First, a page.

EXCLUSIVE: Disabled veteran dies after having 1 tooth removed
HILO, BIG ISLAND (HawaiiNewsNow) - Nine days after getting her wisdom teeth pulled Kristen Tavares remains in a coma. Herman van Velzer continues to wait for answers after he claims he was abandoned in the middle of his eyelid surgery. Both were operated on by Big Island Dr. John D. Stover who has been the subject of four formal complaints and even a terroristic threatening charge, which was later dismissed.
Now there are shocking new allegations. We've learned a homeless disabled veteran who went in to get one tooth pulled left Dr. Stover's office in an ambulance.
We've obtained 60 pages of documents showing Curtis Wagasky, 52, died three days after a procedure from Dr. John Stover.
"He said I'll see you when you get out. And he never gets out. He flat lines right on the table. They put him under and that was it," said Sherry-Ann Kaiawe, Wagasky's friend who went with him to the dentist's office in Kona.
Wagasky was having one tooth removed in December 2012. He did have previous medical problems. According to Dr. Stover's report the patient became uncooperative and IV sedation was used. Then there were complications with his breathing.
"I watched him on the table, the whole time while they're telling me to get out and I would not because I told them he needs to come home with me please. Don't let him die please," said Kaiawe. "They made it like it was just another day and handed me his s--- and just left."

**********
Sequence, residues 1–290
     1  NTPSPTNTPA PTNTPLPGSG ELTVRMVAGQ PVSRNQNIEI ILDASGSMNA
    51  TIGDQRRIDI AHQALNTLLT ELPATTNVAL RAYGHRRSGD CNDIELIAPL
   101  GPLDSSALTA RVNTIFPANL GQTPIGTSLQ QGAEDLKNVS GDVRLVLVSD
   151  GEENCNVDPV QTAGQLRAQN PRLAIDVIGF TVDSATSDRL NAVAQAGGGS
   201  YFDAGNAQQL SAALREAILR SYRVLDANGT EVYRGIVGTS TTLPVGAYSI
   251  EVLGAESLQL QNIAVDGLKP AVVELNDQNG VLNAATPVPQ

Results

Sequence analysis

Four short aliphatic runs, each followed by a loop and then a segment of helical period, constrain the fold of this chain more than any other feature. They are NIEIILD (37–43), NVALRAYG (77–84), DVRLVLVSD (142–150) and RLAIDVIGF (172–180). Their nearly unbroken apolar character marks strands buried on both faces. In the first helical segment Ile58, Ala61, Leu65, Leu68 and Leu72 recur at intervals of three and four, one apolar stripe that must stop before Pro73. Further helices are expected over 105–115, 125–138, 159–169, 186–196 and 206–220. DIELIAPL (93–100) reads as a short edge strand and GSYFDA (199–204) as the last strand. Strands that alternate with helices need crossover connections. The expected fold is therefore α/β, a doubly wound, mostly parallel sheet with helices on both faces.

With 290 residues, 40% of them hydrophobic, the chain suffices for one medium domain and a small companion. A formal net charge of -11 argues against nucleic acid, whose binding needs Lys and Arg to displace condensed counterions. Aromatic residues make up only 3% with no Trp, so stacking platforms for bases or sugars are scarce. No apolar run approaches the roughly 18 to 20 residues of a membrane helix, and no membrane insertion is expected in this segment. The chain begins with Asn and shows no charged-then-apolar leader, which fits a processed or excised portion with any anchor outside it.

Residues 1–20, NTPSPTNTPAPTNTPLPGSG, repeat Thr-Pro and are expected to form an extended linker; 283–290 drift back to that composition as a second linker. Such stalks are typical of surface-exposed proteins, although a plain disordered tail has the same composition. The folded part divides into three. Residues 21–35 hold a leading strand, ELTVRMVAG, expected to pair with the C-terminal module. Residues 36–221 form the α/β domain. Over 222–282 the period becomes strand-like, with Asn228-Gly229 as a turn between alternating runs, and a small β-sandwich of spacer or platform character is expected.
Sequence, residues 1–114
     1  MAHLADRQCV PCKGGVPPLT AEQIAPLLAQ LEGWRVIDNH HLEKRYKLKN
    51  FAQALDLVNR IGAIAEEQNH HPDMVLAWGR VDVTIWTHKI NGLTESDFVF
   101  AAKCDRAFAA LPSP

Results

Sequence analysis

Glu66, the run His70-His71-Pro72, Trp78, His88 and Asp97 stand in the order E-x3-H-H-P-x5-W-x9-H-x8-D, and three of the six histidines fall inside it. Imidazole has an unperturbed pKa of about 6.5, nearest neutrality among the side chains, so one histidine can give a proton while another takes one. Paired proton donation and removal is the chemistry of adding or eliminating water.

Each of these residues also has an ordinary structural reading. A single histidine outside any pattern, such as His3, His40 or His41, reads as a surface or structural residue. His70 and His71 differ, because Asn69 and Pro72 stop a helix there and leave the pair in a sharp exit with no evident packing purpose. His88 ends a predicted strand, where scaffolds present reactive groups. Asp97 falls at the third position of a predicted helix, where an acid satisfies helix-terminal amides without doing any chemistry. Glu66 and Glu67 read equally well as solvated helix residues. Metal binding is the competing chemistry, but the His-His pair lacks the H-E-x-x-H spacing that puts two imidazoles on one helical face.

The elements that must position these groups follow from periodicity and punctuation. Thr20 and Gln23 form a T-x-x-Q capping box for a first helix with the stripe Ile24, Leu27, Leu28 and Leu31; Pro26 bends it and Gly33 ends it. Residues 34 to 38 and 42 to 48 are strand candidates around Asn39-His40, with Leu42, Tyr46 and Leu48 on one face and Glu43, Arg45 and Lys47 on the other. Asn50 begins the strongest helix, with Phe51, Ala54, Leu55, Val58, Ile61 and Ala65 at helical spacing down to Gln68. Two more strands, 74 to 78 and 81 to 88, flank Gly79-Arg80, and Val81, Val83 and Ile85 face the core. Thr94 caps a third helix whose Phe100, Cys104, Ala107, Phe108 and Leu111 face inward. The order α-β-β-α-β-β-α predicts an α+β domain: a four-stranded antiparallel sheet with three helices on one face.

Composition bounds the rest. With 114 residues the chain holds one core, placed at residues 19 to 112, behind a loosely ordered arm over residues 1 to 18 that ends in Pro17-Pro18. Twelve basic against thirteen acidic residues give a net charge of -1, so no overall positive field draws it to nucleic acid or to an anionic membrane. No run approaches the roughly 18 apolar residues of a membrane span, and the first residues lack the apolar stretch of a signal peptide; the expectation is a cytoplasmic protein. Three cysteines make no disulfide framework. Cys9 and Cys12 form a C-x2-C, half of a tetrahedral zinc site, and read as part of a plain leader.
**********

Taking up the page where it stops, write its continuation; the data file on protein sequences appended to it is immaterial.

A former staff member we spoke with claims Dr. Stover knew Wagasky was not supposed to have IV sedation, but he used it anyway. The employee also claims Dr. Stover waited 15 minutes before calling for paramedics.
Wagasky was flown to Tripler Army Medical Center on Oahu where he died three days later. There was no autopsy performed and no police report.
Wagasky was homeless and didn't have family to press the issue. Now 15 months after the incident there still are no investigation results.
Arthur Roeca, Dr. Stover's attorney, says the state seized medical records and written documentation, but investigators have not interviewed Dr. Stover about the death.
The State says investigators don't always interview the doctor because it often doesn't produce useful information because they can put their own spin on the situation. The medical records are more objective.
"It was pretty unbelievable that just having the one tooth he passed," said Eric Bowen, Wagasky's family friend who was listed as the emergency contact. "I think the Doctor had to have an investigation to find out if it was too much anesthesia or what."
"I feel action should be taken towards the doctor," said Kaiawe. "I felt like he wasn't even acknowledged. I felt like it didn't even matter. We're all human regardless if you're homeless or not homeless. We should all be treated equally."
Dental professionals we spoke with on the Big Island agree, wondering how Dr. Stover is still administering anesthesia.
The state has no timeline on when it might act.
There are 11 state investigators for 130,000 licensees in 48 different professions in Hawaii. That could be one explanation why it is taking so long, but you might think this case would move to the front of the line.
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